Caregivers often focus much of their energy and attention on the person they care for. However, neglecting yourself and ignoring your needs can lead to burnout, stress and illness. That makes self-care for caregivers especially important.
Care for caregivers
Anyone caring for a loved one’s basic needs, whether they choose to take on this role or it falls to them, is a caregiver. This can include helping aging parents, a child with a disability or a sick spouse or sibling. Being a caregiver can be a rewarding experience – but it can also be exhausting and stressful, often leading to burnout if caregivers don’t take care of themselves in the process.
Signs of caregiver stress and burnout
It may be hard to recognize when caregiving has started to take a toll on you. Caregivers report often that they are so focused on the person they care for that they don’t notice when they need help. Some signs to pay attention to include:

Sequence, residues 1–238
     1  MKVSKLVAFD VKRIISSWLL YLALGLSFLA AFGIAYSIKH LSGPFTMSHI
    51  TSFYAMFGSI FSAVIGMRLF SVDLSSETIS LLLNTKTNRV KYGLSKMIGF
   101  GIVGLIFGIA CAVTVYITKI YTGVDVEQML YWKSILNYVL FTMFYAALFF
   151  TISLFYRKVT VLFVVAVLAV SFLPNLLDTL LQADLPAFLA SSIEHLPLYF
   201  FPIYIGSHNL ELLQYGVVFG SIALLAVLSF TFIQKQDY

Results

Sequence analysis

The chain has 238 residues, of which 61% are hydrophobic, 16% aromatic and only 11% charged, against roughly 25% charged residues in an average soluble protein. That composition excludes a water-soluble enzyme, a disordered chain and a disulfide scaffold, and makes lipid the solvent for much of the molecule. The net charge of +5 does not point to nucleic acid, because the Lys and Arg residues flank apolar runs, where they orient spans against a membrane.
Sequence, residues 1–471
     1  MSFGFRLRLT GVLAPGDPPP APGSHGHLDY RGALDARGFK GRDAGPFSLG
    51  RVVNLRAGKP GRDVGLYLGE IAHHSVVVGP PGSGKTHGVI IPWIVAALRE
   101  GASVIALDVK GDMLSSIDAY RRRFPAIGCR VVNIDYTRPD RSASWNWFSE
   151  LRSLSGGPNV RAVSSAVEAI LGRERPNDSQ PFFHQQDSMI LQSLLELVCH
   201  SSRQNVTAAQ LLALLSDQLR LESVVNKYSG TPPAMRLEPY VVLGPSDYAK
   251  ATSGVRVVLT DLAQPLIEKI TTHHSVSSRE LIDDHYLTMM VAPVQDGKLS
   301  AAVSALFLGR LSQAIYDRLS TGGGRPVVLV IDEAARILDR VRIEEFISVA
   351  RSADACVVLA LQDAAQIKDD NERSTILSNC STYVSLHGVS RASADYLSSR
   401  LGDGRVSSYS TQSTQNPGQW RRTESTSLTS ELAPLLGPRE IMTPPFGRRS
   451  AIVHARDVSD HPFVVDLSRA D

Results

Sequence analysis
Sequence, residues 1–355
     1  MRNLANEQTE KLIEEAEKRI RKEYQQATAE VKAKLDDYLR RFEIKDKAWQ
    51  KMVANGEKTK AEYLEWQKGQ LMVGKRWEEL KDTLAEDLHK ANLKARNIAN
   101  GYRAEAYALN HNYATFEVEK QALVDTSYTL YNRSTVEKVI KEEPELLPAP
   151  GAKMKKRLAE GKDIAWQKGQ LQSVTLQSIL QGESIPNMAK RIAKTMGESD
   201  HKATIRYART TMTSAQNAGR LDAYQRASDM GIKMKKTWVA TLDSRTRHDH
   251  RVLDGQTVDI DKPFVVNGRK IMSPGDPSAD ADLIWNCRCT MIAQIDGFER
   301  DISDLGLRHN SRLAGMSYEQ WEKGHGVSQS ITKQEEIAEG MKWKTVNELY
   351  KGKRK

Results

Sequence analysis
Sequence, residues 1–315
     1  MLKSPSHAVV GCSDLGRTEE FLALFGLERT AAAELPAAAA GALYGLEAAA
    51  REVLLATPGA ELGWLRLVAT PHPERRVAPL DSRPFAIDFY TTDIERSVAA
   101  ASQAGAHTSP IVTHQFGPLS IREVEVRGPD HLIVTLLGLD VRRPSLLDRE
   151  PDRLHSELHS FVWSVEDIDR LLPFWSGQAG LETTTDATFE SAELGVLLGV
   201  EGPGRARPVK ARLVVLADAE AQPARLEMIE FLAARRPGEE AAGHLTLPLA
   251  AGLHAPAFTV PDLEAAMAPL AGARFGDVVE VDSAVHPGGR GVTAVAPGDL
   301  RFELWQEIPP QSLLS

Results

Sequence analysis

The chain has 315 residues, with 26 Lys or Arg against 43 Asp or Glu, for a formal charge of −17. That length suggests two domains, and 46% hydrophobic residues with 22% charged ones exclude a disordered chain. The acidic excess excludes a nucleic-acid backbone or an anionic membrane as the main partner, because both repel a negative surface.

- Feeling irritable or angry often
- Worrying all the time
- Sleeping too much or not enough
- Feeling tired often
- Losing interest in things you once enjoyed
- Misusing alcohol or drugs
- Missing your own health care appointments
- Having frequent headaches or other health problems
Chronic high stress levels can negatively impact your health. Whether that looks like not getting enough physical activity, neglecting a balanced diet or constantly worrying about your loved one, these can all lead to an array of conditions like high blood pressure, heart disease, diabetes, depression and anxiety.
Your health matters, too
There are plenty of reasons caregivers feel that they can’t do more than the minimum for themselves: someone else needs you, you don’t have time, there’s too much to do, you’re feeling guilty. However, taking care of your physical and mental health is necessary to make you a better caregiver.
Ask for help